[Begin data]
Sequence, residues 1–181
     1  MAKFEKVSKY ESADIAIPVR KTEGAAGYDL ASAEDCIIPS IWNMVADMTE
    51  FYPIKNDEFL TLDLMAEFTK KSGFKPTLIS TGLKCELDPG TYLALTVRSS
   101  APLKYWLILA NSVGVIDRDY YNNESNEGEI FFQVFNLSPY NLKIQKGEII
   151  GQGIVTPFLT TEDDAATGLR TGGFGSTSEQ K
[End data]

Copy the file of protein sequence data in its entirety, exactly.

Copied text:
Sequence, residues 1–181
     1  MAKFEKVSKY ESADIAIPVR KTEGAAGYDL ASAEDCIIPS IWNMVADMTE
    51  FYPIKNDEFL TLDLMAEFTK KSGFKPTLIS TGLKCELDPG TYLALTVRSS
   101  APLKYWLILA NSVGVIDRDY YNNESNEGEI FFQVFNLSPY NLKIQKGEII
   151  GQGIVTPFLT TEDDAATGLR TGGFGSTSEQ K